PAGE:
The role of financial professionals goes beyond activities that affect the profit of the organisation they work for, but the role requires one’s activities to positively impact the world they live in, and leave it in a better state than before
A survey was conducted by ACCA (Association of Chartered Certified Accountants) in a report entitled Sustainability and Business: The Next Ten Years, where 4 500 ACCA students were interviewed. This survey was done to get the students’ opinions, as future financial professionals, on how the macro global sustainability trends will affect business and the impact of these pressures on the role of a financial professional.
The report, created from the survey, focuses on three main factors: the instability of financial markets; the deterioration of natural resources and the global population explosion.
The findings of this report varied from continent to continent, but they all lead to one conclusion. A percentage of 81% of the students believe that the deterioration in natural resources would have the most impact on business in 2024. While in South Africa, 70% of students believe that the growth in global population would have the most impact in business. A further 67% of respondents in the Caribbean and Africa believe that the instability in financial markets would leave its effects in business operating there.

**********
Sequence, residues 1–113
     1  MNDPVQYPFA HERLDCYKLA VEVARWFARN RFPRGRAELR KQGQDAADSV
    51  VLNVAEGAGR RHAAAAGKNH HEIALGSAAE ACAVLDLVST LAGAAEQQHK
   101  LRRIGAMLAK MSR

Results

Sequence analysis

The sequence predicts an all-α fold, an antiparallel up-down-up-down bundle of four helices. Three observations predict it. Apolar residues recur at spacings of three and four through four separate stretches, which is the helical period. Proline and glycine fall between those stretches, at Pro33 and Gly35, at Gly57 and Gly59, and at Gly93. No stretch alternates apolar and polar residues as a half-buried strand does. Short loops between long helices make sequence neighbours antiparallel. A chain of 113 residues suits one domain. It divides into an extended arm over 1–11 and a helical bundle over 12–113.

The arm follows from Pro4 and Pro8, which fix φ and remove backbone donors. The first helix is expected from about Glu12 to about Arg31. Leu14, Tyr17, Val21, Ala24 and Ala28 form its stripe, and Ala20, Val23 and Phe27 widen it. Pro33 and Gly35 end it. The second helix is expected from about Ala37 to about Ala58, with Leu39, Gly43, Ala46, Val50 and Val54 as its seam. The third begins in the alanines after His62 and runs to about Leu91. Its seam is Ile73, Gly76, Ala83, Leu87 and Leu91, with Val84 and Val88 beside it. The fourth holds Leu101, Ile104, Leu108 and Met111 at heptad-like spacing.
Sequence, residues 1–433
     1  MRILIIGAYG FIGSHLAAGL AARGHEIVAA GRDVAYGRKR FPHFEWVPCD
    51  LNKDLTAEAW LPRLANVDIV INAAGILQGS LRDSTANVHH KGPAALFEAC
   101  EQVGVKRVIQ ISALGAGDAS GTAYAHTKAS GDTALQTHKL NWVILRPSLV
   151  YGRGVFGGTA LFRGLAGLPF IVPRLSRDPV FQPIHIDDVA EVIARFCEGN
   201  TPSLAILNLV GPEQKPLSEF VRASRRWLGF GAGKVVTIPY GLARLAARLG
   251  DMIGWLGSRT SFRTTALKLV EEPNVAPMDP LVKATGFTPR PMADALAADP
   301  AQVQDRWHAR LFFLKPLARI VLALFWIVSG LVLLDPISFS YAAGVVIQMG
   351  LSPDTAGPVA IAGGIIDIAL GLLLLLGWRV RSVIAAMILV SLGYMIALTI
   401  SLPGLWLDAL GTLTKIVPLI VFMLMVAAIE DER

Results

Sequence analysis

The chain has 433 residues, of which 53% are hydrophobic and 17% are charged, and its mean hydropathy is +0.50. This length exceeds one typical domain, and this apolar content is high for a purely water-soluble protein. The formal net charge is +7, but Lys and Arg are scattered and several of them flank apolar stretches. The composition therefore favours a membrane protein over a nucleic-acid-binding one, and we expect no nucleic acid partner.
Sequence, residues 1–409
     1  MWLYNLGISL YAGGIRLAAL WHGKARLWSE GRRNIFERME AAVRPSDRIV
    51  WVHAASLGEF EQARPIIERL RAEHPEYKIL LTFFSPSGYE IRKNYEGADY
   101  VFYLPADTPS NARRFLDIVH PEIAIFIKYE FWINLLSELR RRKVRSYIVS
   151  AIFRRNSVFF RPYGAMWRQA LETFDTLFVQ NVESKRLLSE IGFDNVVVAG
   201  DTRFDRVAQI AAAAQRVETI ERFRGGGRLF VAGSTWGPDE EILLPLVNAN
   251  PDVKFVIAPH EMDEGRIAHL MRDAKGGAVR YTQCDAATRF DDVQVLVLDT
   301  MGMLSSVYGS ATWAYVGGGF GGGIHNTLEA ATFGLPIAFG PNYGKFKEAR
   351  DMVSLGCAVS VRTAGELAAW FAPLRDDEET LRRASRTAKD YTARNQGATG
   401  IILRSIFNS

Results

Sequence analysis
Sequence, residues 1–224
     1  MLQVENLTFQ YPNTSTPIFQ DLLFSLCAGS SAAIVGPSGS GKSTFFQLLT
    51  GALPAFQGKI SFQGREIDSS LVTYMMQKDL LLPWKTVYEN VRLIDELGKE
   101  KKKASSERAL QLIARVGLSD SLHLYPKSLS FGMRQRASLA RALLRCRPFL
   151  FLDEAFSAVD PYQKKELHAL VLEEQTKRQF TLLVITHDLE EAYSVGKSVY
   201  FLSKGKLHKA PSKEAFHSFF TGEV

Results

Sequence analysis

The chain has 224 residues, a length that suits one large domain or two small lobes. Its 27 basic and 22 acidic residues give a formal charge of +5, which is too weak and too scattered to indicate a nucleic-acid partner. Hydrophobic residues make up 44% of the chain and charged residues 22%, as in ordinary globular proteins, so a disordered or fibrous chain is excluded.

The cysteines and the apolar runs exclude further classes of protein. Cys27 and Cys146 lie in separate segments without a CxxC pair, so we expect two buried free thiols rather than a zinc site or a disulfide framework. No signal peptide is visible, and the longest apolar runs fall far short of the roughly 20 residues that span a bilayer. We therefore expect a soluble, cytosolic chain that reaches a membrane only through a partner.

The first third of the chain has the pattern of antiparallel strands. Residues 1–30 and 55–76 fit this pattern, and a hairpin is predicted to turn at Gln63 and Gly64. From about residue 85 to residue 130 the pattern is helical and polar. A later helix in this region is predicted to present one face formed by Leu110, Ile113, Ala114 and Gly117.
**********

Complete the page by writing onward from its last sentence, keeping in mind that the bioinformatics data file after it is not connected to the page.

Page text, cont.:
“The macro global trends are a major factor in a financial professional’s role”, Karen Smal, Acting Head of ACCA South Africa.
“It is only natural that the accountant should be most qualified to quantify the costs of environmental negligence and sustainability, and report these to other officers”, said one ACCA Student during the survey.
The ACCA report seeks to see what professionals believe the business world will be like in 2024. It checks our current patterns to better prepare us for tomorrow. The question is, do financial professionals care what tomorrow looks like? And if they do, are they prepared to do what is needed in order to make sure the future is brighter than today?
Looking at the past decade, Sarah Nolleth, the Director of A4S had this to say, “Significant progress has been made to develop practical approaches that integrate sustainability into financial decision-making, reflecting the interdependency between financial, economic, social and environmental outcomes”, but as much as progress is visible, she was careful to urge young accounting professionals and veterans to prepare themselves for the approaching changes saying, “However, we will all see the consequences of global environmental constraints, especially the accountancy students who are at the beginning of their financial careers. It is this cohort who we need to encourage to adopt accounting for sustainability throughout their careers”.
Financial professionals need to realise that this approach is of utmost importance, and as Ewan Williams, Director of Policy at ACCA puts it, “it is positive that many more believe that sustainability issues will become more central to their area of work. The ACCA finance professionals of the future see the next 10 years as being one of change – they know that as finance professionals they will have to do more to provide businesses with decision-making insight than now – such as forecasting and reporting on what might happen in the future, rather than recording what has happened. But they are attuned to this need and that bodes well for the future”.